Jim Davidson has slammed a guest on the Dan Wootton show who said Margaret Thatcher's stature belongs at the bottom of the river.
A staff member at the University of Leicester’s Attenborough Arts Centre was accused of egging a statue of Margaret Thatcher.
Appearing on the clash, the veteran comedian, Edwina Currie and Kate Smurthwaite debated what should happen to the statue.
Women's right activist Ms Smurthwaite said the statue should stay in her hometown of Grantham and be put in the bottom of the Thames.
When asked if Margaret Thatcher's statue belongs at the bottom of the Thames, Jim said: "as long as she swims down there with it to put there. absolute nutters. That lady there whatever her name is.
"Why shouldn't Margaret Thatcher be next to the great Winston Churchill and the equally great Nelson Mandela? What's gone wrong with these woke people?"
The Clash panel GB News
Edwina Currie added that she even has a picture of Margaret Thatcher's Westminster statue in her downstairs toilet.
Jeremy Webster, who is deputy director at the University of Leicester’s Attenborough Arts Centre, is alleged to have been responsible for the incident which happened shortly after the memorial’s installation in Grantham, Lincolnshire, on Sunday morning.
Three eggs were thrown at the monument by a man in a white t-shirt with a cry of “oi” heard after one hit its target.
The university said the matter is being addressed “in line with (their) own procedures.”
Lincolnshire Police said no arrests had been made on Sunday in connection with the incident, but they did receive a report of criminal damage shortly afterwards.
The statue was lowered into place in the town amid previous threats of “egg throwing” and was booed by passing motorists.
In February 2019, a planning committee unanimously voted in favour of the £300,000 statue – which was originally intended for Parliament Square in Westminster.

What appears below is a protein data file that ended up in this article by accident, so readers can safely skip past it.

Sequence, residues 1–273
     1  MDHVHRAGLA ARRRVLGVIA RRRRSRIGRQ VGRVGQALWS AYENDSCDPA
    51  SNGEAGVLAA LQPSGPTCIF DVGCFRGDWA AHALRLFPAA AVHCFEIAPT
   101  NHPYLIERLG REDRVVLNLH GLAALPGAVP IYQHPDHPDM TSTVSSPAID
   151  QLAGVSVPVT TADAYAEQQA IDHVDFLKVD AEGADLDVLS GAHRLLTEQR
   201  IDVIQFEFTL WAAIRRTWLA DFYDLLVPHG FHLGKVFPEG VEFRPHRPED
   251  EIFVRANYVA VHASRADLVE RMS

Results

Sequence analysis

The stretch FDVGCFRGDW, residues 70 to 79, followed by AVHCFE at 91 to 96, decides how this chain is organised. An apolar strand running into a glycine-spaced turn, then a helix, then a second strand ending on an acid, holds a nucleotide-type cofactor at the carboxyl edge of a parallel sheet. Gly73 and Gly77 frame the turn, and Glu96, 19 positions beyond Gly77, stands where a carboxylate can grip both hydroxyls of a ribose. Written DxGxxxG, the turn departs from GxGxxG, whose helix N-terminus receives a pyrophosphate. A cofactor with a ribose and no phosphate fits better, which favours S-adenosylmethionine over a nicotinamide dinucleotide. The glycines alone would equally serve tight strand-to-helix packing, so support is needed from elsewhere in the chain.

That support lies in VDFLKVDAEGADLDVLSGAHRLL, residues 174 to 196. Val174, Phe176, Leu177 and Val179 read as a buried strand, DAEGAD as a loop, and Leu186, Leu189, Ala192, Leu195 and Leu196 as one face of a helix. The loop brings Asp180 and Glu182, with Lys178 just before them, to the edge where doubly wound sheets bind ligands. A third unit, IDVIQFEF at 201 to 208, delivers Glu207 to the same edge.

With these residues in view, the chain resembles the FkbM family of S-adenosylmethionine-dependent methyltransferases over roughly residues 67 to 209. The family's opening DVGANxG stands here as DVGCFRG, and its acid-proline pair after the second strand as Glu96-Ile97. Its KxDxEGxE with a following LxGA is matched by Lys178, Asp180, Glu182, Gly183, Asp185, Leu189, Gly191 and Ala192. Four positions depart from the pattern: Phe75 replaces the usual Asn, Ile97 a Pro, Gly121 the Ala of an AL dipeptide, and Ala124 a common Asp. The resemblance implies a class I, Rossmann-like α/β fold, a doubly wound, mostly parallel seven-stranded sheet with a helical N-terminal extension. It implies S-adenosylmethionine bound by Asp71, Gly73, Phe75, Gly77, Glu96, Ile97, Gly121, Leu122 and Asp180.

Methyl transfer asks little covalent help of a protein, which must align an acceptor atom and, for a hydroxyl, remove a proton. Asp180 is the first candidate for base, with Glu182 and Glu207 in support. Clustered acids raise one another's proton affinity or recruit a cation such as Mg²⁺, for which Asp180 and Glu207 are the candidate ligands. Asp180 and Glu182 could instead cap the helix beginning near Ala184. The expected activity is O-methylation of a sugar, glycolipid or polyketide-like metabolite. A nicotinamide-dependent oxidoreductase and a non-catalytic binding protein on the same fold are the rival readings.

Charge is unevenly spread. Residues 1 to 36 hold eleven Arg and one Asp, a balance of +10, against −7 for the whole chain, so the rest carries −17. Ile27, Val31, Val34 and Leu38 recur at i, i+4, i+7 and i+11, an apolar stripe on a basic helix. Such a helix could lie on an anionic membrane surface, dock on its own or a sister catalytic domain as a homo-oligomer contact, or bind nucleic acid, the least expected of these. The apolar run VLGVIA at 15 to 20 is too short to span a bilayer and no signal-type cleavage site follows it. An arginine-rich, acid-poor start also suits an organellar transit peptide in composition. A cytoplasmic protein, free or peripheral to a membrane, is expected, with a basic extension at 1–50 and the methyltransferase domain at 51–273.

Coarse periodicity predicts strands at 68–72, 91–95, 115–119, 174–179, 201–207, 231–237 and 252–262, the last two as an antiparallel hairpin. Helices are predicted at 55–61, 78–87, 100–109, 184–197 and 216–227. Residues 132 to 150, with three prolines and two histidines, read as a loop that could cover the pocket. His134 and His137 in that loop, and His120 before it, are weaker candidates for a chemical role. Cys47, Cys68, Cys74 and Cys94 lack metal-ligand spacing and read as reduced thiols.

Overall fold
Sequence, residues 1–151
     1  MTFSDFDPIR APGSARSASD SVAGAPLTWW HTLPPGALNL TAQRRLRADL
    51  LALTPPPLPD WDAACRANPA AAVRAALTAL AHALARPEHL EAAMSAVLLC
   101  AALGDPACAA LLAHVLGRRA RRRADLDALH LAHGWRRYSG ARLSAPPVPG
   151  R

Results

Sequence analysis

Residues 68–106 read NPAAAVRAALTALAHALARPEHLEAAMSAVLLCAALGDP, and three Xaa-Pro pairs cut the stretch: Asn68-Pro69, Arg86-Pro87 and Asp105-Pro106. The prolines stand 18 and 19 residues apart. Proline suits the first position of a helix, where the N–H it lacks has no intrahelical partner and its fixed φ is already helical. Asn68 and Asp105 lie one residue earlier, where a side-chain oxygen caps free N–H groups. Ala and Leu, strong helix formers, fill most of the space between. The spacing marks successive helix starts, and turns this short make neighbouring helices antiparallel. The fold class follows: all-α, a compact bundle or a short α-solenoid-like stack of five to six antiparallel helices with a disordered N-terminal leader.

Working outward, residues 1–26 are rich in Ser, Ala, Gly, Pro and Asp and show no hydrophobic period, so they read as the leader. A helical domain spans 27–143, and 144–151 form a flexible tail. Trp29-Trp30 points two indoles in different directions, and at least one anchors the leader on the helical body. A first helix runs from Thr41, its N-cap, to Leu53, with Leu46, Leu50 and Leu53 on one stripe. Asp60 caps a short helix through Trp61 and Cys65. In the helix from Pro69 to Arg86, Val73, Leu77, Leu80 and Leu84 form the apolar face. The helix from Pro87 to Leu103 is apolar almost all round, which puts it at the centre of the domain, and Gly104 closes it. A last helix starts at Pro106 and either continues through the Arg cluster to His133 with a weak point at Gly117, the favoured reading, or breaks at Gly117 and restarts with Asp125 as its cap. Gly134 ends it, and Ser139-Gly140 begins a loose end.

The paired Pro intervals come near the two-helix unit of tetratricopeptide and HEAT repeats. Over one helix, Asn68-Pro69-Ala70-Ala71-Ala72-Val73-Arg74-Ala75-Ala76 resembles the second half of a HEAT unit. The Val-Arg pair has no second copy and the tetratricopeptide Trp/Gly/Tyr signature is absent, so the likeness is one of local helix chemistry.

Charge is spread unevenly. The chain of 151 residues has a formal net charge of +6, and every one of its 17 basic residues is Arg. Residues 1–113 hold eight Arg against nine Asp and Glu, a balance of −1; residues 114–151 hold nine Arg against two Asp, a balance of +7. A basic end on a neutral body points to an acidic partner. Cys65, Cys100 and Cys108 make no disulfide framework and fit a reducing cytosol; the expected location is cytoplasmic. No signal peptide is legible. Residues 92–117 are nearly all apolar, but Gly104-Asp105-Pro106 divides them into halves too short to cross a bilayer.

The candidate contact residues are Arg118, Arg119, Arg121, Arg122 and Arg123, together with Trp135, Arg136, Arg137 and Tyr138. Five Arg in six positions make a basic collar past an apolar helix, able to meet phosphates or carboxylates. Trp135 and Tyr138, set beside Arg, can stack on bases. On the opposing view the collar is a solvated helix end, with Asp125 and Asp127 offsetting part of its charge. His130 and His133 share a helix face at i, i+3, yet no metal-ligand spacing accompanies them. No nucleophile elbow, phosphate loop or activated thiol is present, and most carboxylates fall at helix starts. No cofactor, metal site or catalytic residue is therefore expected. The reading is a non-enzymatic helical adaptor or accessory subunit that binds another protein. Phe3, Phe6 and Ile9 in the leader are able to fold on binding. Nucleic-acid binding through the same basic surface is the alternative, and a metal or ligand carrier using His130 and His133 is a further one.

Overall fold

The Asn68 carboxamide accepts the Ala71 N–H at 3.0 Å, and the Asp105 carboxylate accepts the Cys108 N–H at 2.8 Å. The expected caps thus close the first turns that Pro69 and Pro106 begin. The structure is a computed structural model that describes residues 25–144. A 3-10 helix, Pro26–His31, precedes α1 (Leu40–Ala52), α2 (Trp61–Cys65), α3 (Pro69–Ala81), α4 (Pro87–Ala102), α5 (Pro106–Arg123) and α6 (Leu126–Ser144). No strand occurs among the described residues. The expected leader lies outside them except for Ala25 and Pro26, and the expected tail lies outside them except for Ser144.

Webster is alleged to have been seen holding an egg carton in one hand and preparing to throw an egg from the other on Sunday.
Egg residue and a piece of shell could be seen on the statue’s lower half.
Police turned up at the scene within minutes of the incident.
Kerry Law, chief marketing and engagement officer at the University of Leicester, said: “The University of Leicester has a long-standing history of supporting art, fostering creativity and protecting creative freedom.
“It does not condone any form of defacement and takes any act of defacement extremely seriously.
“This matter will be addressed in line with the university’s own procedures.”
Two CCTV cameras have been installed around the memorial to combat any threats of vandalism, the local council said.
A police officer looks at the newly installed statue of Baroness Margaret Thatcher in her home town of Grantham, Lincolnshire Joe Giddens
Reports originally presented to South Kesteven District Council showed the statue was moved to the area due to fears of a “motivated far-left movement… who may be committed to public activism”.
After a large-scale £100,000 unveiling ceremony was approved by the council in 2020, a Facebook group proposing an “egg-throwing contest” at the event attracted interest from more than 13,000 people.
Around 2,400 others visited the Facebook page to say they would go to the event featuring “egg throwing … and potentially graffiti art”.
After its installation, passing motorists loudly booed the monument, with one shouting “Tear it down” and another saying “This is no good for Grantham, is it?”
Before planning permission was given to the statue, the only marking of Baroness Thatcher in the town was a plaque on the corner of North Parade and Broad Street to show where she was born.
A council spokesman said the Public Memorials Appeal, which funded the monument through donations, will host an official unveiling ceremony at a later date.
Leader of South Kesteven District Council Kelham Cooke said: “We must never hide from our history,” adding it is “appropriate the debate that surrounds her legacy takes place here in Grantham”.
The statue, standing at just over 20ft high, is situated in between two existing statues of Sir Isaac Newton and Frederick Tollemache in the town’s Civic Quarter.